Edmonds council member in the campaign of her life


by By / KING 5 News


Posted on August 15, 2009 at 1:34 PM

Updated Thursday, Sep 24 at 12:37 PM

Video: Councilwoman raising ALS awareness

EDMONDS, Wash. - An elected official from a prominent political family has now found herself in the campaign of her life.

Edmonds City Council member Peggy Pritchard Olson started noticing some unusual symptoms last spring. She seemed to be stumbling a lot.

The devoted wife and grandmother got the bad news on her birthday: She had the degenerative nerve disease ALS. There is no known cause and no cure. The daughter of former Washington Congressman and Lieutenant Governor Joel Pritchard would slowly lose her muscle control, her speech and eventually her life.

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But instead of cocooning at home with family and friends, Peggy formed a support group led by her friend, Pat Greenstreet, whose mother died from ALS. "Team Peggy" raises money for ALS awareness and Peggy's home care.

"Peggy's the one who gave us our mission," Greenstreet said. "She told us that she wanted her life with ALS to make a difference. So we're her arms and legs and her voice when she can't speak."

Peggy can't speak well any more, but she can communicate with a DynaVox, which voices her written words.

"I am doing well, especially with all the help and support I am receiving," she said.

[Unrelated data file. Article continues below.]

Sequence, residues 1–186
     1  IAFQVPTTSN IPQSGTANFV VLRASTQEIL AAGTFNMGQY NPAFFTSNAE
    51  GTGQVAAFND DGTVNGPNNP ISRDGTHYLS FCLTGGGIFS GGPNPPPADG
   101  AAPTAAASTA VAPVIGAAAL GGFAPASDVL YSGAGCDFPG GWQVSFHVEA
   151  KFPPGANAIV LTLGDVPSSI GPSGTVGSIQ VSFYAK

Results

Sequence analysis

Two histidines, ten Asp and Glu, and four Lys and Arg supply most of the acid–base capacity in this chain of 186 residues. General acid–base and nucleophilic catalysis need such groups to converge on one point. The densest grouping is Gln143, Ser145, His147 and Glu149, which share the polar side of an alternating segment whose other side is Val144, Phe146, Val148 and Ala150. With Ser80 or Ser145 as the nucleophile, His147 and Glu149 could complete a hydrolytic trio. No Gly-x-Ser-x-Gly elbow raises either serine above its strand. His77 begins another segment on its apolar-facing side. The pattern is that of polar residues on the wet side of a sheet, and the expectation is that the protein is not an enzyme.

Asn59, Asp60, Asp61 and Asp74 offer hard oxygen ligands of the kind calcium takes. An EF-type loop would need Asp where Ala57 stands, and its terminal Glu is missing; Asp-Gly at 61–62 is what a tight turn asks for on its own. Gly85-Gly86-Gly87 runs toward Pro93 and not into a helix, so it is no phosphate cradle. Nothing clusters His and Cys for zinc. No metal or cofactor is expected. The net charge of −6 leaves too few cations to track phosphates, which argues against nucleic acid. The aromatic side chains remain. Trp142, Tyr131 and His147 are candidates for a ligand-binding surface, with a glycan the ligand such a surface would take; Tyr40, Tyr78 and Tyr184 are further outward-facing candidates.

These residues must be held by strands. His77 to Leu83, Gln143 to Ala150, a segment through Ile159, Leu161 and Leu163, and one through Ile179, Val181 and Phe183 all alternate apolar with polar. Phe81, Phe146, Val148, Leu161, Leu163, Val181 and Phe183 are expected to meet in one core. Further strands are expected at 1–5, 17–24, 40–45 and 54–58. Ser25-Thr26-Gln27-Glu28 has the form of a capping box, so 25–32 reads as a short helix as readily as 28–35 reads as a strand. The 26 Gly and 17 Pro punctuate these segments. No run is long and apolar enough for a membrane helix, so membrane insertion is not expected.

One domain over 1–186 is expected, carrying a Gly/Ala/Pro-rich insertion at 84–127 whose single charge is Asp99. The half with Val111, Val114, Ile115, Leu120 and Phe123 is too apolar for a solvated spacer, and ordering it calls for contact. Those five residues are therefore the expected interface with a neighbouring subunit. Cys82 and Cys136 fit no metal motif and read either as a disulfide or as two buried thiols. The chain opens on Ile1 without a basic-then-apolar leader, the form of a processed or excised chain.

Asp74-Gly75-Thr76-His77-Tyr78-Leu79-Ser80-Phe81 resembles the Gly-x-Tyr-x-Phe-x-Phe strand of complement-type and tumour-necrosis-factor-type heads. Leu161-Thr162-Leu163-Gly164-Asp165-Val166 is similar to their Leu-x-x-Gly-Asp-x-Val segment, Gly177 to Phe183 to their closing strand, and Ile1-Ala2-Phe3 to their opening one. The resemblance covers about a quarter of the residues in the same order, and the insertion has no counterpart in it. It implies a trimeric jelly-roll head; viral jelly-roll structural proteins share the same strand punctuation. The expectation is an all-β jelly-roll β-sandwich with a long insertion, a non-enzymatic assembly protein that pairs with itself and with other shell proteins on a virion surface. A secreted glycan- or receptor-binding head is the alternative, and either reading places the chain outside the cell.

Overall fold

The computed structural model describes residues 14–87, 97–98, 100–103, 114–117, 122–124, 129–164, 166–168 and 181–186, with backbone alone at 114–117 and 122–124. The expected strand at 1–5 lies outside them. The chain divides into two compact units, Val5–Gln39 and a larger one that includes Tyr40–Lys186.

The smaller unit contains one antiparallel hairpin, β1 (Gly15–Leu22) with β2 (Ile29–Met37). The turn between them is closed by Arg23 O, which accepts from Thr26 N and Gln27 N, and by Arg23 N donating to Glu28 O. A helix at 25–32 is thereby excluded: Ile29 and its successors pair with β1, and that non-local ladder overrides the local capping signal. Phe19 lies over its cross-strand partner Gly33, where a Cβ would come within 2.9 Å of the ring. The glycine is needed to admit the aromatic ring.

She still attends council meetings and she was just voted Edmonds' citizen of the year.

But the disease is progressing quickly. Last August she talked about how she wants to be remembered, saying: "Someone who contributed to her community and raised awareness of ALS and made it a better place, than, you know, without me."

Soon, she'll lose her ability to type, but her DynaVox will let her use her eyes to search each letter and communicate.

She is on a new campaign now:

"To keep raising awareness of ALS and to be on the council as long as I can be effective," she said.

When she was diagnosed 11 months ago, she was told she probably had about 12 months left to live. And yet she considers herself lucky.

"I have had the incredible experience of having so many people tell me how much they love me," she said. "And most people don't experience that."

When Peggy was diagnosed, there wasn't a local support group for ALS patients. So "Team Peggy" started one at Stevens Hospital in Edmonds. The group meets on the second Monday of each month at 10 a.m. in the cafeteria.